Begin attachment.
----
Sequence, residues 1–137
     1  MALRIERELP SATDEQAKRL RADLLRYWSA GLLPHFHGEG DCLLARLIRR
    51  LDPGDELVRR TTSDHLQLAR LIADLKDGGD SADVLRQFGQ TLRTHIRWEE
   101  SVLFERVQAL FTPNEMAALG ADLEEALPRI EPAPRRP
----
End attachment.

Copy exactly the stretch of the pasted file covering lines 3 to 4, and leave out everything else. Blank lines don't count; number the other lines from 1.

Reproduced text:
    51  LDPGDELVRR TTSDHLQLAR LIADLKDGGD SADVLRQFGQ TLRTHIRWEE
   101  SVLFERVQAL FTPNEMAALG ADLEEALPRI EPAPRRP